Yesterday was August 8. The date meant nothing to me specifically, except that it was one month after July 8.

Just an ordinary day for most people, but for me, it marked the one-month anniversary of my mom’s death. The only month of my life that I have existed without her. Only one month ago, I was holding her hand and talking to her and kissing her warm cheeks. I’ve had exactly one month to figure out how to cope with loss while you keep living. And I’m blogging about it. (It’s called self-therapy, people. Thanks for helping me process.)

I wonder how many other people in the world remember July 8 as a day where everything changed for them. Or perhaps today is one of those days for someone–a day that can’t be forgotten? It makes you think . . . every day, all year long, someone, somewhere, swallows hard because of the date on the calendar. Because that simple number in a little square bears the weight of a life-altering moment in his or her life.

I have a few of those dates. February 11 is the day my dad died; I approach it every year with reverence for the loss. March 20 is my Grandma Bandy’s birthday. I don’t recall the exact date of her death, although I was there when she passed; instead, I remember her birthday each year, and I pause every March 20 and picture her face and her smile. I picture us huddled together on the couch, pouring over books about England. I remember her teaching me how to needlepoint and embroider and arrange a room. I picture her house, with its carefully-placed antiques, now filling the rooms of my house.

I have many happy calendar dates–my engagement on April 15: Shane took me on a hike to discover a giant banner attached to the rock face on Paris Mountain that said, “Sue, will you marry me?” in black spray paint across white bed sheets. There’s my wedding date on Dec. 22, the coldest day that year; and of course, the births of all my children. Anxiety, pain, travail, joy. Exuberant, exultant wonder and joy. The best dates in the world.

And on July 7, I had a mother I could touch and talk to. On July 8, I was an orphan.

I realize now that you are never too old to be an orphan. Someone else who had lost both parents said to me, “No matter how old you are, when you lose your parents, you feel once again like you are eight years old.” For those of you who’ve lost parents, is that your experience?

Grief, simply stated, is an amputation. Your body remembers and responds to life as if the limb still exists, but the mind and heart must train to function without it. I must have fun doing things without my mother that I used to do with her. I will think, every time I enter a museum, a bookstore, or a library, “Mom would love this,” and I must still go there and live life and not fall to pieces. I must enjoy it for both of us.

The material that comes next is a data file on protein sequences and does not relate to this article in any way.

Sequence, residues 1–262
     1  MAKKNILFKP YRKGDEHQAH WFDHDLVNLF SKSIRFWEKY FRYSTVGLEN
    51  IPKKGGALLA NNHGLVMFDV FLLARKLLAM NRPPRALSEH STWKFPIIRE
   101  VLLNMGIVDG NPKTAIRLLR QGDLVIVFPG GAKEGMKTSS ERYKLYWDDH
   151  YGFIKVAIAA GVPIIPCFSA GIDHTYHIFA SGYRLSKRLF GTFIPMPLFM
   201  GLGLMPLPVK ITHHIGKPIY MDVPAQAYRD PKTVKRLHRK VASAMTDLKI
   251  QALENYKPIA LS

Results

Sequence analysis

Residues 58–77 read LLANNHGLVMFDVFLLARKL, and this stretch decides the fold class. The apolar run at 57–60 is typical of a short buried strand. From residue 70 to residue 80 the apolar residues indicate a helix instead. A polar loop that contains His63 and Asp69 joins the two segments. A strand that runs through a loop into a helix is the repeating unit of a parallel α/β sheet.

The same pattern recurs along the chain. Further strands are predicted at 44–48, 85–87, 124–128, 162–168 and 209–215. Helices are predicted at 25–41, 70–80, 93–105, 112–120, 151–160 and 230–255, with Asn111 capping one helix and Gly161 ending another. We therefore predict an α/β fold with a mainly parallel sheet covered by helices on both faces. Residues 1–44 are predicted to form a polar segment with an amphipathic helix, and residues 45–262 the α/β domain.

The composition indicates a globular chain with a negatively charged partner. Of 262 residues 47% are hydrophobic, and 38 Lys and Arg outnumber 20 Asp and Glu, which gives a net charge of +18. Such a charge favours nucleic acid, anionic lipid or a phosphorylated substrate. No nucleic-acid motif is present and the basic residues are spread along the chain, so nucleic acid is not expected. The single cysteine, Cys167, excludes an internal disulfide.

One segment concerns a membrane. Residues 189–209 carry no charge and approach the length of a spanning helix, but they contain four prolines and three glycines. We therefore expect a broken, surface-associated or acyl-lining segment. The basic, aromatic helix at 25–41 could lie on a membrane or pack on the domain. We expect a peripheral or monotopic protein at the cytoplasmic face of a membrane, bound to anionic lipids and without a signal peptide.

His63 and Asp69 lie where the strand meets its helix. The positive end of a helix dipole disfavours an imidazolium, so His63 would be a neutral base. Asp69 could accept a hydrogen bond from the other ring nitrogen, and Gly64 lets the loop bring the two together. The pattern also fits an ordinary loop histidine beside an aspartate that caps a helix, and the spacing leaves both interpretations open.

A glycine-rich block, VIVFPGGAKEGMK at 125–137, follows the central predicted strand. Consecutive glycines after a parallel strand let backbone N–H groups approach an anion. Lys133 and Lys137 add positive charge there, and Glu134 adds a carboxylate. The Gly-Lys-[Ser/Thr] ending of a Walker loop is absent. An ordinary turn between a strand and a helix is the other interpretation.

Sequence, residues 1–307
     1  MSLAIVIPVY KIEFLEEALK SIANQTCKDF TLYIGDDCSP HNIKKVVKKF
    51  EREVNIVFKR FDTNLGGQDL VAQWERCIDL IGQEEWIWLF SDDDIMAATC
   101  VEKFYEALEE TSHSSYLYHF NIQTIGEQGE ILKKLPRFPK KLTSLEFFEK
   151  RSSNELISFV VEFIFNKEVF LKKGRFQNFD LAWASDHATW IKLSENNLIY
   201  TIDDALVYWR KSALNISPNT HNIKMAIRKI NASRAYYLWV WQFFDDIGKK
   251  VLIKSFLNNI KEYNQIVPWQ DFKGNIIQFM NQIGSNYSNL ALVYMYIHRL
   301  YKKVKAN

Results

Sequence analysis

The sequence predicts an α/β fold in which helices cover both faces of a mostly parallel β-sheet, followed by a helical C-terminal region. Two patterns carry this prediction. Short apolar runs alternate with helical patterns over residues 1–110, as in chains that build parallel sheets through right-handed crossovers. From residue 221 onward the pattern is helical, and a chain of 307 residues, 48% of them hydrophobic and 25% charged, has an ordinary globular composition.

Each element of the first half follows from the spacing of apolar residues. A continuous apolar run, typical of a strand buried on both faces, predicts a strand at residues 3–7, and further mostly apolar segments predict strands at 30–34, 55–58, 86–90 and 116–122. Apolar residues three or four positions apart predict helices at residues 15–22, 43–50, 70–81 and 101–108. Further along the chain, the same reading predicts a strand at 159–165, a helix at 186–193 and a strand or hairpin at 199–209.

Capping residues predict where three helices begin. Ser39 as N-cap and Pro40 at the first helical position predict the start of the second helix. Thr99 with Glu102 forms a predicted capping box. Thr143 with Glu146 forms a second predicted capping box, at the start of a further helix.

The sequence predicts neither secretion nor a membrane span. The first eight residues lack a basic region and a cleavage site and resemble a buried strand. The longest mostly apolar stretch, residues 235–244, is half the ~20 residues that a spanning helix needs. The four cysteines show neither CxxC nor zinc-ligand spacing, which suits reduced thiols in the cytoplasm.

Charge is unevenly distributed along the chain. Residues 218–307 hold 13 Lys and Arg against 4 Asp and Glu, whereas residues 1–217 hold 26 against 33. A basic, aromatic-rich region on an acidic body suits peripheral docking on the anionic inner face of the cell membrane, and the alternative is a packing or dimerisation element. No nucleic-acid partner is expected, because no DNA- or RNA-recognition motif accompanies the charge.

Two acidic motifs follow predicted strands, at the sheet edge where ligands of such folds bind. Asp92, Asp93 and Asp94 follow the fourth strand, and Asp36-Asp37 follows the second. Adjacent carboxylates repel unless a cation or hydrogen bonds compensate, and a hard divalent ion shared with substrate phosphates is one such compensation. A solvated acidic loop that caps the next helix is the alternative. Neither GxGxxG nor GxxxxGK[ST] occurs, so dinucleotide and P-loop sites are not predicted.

This past month, I’ve had moments of feeling like the orphaned child. It’s similar to the feeling of panic at being lost in the store when I was young–the fear that I might not find my mother. Those feelings resurfaced on July 8, and I expect they will continue, on and off, for some time.

In the wake of panic comes its evil twin–regret. I am fighting it as valiantly as I know how. I have many thoughts of what else I could have said, what else I should have done, what opportunities I had missed along the way to be present and engaged with her, to savor every second and diffuse every annoyance. But that thinking is not helpful.

It’s human nature to regret things. We live as if we are immortal because that’s what we were created to be, yet we are trapped in the fragility of mortal bodies and minds. We can never live long enough to suit us, and neither can the ones we love. We will never have enough time, nor will we have enough wisdom to use the time we have, until we are wiser and the time no longer exists.

I’ve done some reading on the topic of how to handle special days that remind you of your loss. How to get through Christmas and birthdays. Mother’s and Father’s Days. Yuk. I dread them already. Experts agree on some basic tools for grieving your loved ones–some suggestions for self-therapy, which I’m relieved to see that I’ve unconsciously been doing already:

  • keep a journal
  • look through pictures
  • keep something that belonged to them and use it
  • write or talk about them; tell stories
  • set up a memorial to them
  • visit their gravesite, birthplace, or former home
  • participate in a cause they’d approve of
  • befriend their friends
  • do something on their “bucket list” they never got to do
  • comfort another person who’s grieving

The trick, I think, is connectivity in these activities. I’m not sure how much closure you can get if these things are done out of guilt. Perhaps that’s helpful, even then.

What I do know is that grief is like a person. It grows and changes and matures and settles into rhythms. It becomes a place you respect, care for, and live with, that doesn’t dominate you or terrify you (because you don’t let it). But when your next July 8 comes around, you give it the respect it deserves and you live there for a day. Or a week. Or whatever is needed for you to grow a little more.

And then you settle into a new rhythm.

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